| technology | networking - Richard Bevis
Stateful vs Stateless Access Control Lists: What's the Difference
Systems and network administrators must be fully conversant with Access Control Lists (ACL). That is so they are proficient in setting up and managing the user privileges that control who gets access, and to what, on their servers and networks. All operating systems have access control list functions. You will find them in Windows, Unix, MacOS, and of course in all Linux variants. You will also see ACLs at work in Amazon Web Services (AWS) and other cloud services.
Candidates for CompTIA Linux+ certification are tested on a full range of ACL functions and settings. For example, in the Security section of the certification exam, candidates are expected to identify the different use cases between stateful and stateless ACLs in relation to implementing and configuring Linux firewalls.
What is an Access Control List?
Access control lists first in Unix, and later in Linux, were designed to protect files systems. In this context, ACLs are used to define which users and groups of users can access folders and files, and the rights or permissions that they have to use or modify them. The file system ACL specifies the rights that permit users to create/update a file or folder, or to run a program file.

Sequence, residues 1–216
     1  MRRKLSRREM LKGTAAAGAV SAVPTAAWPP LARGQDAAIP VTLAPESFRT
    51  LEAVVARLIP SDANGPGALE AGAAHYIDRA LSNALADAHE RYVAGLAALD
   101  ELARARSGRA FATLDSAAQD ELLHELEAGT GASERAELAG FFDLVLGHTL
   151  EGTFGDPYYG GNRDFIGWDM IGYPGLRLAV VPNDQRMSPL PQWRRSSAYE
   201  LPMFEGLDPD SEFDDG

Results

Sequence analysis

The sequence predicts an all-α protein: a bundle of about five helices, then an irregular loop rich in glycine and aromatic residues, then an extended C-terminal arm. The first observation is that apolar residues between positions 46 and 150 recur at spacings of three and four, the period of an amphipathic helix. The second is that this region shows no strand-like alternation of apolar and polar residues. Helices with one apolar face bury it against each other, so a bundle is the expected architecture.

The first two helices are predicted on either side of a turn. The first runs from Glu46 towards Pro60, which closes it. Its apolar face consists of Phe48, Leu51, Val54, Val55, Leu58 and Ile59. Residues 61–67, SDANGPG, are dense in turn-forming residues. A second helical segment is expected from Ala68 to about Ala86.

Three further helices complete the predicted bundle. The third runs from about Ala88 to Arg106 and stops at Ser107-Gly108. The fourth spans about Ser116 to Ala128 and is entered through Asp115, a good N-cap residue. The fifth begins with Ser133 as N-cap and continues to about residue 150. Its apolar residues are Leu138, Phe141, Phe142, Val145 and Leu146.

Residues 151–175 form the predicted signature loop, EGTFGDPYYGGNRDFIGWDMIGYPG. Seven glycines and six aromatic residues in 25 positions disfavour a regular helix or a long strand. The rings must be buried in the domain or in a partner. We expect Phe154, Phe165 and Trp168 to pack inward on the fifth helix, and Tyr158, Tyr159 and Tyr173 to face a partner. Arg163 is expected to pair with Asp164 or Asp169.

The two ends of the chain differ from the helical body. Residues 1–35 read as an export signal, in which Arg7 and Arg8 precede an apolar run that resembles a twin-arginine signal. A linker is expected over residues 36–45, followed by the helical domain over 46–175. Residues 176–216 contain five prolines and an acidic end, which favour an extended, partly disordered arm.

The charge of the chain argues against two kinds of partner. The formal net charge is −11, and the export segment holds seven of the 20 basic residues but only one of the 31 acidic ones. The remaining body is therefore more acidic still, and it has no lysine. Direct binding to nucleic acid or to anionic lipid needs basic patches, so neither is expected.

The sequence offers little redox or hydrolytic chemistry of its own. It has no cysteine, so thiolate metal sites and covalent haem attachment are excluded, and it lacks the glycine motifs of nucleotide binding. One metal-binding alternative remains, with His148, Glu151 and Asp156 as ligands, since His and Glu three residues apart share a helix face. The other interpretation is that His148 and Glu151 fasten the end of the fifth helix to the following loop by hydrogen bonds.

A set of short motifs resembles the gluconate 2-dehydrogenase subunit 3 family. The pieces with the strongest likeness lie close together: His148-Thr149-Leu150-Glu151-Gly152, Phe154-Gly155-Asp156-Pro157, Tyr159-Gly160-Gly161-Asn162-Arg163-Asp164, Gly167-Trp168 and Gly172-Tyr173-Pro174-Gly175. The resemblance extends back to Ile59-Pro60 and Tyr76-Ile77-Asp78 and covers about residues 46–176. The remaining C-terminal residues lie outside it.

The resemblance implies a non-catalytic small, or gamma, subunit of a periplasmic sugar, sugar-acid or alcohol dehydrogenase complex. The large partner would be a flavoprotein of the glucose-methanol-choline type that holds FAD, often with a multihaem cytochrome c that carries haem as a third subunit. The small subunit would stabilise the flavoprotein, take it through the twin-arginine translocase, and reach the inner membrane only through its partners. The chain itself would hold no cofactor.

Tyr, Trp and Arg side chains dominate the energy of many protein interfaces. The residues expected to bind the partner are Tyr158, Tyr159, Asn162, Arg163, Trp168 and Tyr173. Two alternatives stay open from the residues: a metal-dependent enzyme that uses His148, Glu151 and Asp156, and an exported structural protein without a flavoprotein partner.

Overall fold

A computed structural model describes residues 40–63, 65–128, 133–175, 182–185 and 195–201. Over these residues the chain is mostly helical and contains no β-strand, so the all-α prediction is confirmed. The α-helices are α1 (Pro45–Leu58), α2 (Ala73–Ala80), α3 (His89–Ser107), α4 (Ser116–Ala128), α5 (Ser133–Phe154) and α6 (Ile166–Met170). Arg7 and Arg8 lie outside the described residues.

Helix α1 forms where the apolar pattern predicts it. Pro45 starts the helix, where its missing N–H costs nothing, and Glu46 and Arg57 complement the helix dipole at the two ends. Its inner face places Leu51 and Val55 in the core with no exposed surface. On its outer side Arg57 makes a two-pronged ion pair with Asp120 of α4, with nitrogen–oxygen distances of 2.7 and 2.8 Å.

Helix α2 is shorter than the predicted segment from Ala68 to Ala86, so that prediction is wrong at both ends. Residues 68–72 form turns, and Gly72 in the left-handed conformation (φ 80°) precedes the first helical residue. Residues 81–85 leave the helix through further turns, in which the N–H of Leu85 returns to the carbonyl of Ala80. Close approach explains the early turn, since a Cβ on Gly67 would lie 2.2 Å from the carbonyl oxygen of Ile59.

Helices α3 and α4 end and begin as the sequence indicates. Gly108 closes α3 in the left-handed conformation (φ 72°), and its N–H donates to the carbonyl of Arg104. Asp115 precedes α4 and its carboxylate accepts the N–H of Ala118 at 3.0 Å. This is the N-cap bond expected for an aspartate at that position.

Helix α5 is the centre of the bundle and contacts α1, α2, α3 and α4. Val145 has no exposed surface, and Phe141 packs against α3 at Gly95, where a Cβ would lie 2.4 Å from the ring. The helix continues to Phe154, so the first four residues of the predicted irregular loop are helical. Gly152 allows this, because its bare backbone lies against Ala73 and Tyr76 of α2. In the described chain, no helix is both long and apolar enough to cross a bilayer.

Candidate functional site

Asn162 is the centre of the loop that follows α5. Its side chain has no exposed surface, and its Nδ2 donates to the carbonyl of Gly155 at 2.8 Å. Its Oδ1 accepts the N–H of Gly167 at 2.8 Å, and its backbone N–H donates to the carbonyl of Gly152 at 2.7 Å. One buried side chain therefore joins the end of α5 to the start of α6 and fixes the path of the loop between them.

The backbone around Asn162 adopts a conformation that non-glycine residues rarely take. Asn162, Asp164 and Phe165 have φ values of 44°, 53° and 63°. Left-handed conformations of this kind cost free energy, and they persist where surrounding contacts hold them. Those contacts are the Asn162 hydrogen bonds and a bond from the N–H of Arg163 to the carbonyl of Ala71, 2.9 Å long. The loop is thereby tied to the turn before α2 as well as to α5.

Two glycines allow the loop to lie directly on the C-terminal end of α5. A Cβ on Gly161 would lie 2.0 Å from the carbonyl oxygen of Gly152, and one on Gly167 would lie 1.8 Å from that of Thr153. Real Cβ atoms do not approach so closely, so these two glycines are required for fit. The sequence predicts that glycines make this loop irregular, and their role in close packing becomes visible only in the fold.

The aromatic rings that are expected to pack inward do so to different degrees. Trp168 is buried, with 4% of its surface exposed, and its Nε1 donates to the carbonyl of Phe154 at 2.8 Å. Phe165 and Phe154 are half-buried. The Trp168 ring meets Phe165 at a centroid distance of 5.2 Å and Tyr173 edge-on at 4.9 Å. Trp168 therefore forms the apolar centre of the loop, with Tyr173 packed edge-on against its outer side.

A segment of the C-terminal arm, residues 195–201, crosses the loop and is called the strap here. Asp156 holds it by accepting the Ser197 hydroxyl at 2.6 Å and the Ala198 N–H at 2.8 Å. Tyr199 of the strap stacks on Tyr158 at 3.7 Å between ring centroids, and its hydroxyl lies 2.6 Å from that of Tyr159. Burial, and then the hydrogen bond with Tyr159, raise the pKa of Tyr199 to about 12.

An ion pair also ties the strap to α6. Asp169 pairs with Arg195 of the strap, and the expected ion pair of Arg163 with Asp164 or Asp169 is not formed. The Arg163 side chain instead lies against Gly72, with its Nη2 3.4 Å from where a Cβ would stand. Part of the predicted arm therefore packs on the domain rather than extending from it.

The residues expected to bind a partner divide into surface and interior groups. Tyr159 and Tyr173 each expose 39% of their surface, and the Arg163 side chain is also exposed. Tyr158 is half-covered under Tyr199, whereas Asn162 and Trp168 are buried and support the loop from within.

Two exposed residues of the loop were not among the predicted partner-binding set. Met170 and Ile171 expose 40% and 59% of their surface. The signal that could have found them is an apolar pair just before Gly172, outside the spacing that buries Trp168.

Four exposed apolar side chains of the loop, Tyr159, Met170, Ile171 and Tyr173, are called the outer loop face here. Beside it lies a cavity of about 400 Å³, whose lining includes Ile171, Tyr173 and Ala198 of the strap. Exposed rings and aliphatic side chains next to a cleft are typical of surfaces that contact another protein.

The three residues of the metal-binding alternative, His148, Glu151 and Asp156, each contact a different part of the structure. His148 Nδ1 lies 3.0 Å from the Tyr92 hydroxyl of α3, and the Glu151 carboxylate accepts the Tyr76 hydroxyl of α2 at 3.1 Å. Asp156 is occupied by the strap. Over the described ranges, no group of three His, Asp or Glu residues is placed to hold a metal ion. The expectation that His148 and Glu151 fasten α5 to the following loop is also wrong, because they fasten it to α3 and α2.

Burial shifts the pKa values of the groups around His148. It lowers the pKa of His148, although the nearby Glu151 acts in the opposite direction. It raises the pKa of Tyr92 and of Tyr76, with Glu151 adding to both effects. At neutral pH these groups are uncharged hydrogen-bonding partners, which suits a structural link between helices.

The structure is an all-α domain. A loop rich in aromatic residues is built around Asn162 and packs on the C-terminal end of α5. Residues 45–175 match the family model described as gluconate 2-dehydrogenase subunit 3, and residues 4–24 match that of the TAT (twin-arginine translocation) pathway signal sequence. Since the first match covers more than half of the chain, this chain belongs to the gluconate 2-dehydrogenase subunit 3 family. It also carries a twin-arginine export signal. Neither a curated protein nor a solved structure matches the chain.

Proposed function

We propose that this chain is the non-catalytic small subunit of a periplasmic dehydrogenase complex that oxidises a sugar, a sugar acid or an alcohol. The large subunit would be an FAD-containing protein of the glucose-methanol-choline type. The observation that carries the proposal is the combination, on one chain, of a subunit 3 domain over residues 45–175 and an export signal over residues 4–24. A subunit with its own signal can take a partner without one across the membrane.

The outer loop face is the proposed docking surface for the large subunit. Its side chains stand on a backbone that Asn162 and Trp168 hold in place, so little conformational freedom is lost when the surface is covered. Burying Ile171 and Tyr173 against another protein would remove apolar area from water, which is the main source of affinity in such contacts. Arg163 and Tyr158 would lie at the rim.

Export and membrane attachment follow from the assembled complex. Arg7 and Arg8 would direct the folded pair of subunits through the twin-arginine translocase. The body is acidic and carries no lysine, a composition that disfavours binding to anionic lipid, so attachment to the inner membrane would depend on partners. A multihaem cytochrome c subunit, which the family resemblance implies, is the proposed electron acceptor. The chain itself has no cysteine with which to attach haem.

When you issue the Linux 'ls -l' command, you see the files and folder listing with the permissions in the familiar '-rwxrwxrwx' format. The 'r' means read, the 'w' means write, and 'x' means execute. The first set of 'rwx' settings is for the owner of the file or folder, the second set is for the user group associated with them, and the third set is for all other users. Admins use the 'getfacl' and 'setfacl' Linux commands to view and set or modify permissions on files and directories.
What is a Network Access Control List?
In the same way that ACLs control access to filesystem resources, Network Access Control Lists control the incoming and outgoing flow of network traffic, securely routing authorized packets to their intended destinations and blocking unauthorized traffic. Network Access Control Lists are what the CompTIA Linux+ certification exam is referencing relative implementing and configuring Linux firewalls.
Firewall functionality can be implemented either in networking hardware or in a host server (Linux or Windows) based on business and/or technical considerations. If you are running a small-scale networked environment, a Linux-based firewall may fit your budget better than a standalone firewall. Wherever it is implemented, your firewall follows your defined security rules, to monitor and control traffic flow into and out of your network.
Within Linux, network ACL functionality is executed in the Netfilter framework, which is part of the Linux kernel. Netfilter allows for packet filtering and logging, network address and port translation, and other network traffic filtering functions. The firewall filtering rules are set up for Netfilter through a user-space command-line utility called iptables. Now iptables syntax can be complicated, so system and network admins will typically use a user-friendly front-end like UFW (for Ubuntu), or firewalld (for Red Hat, CentOS, SUSE, and other distros).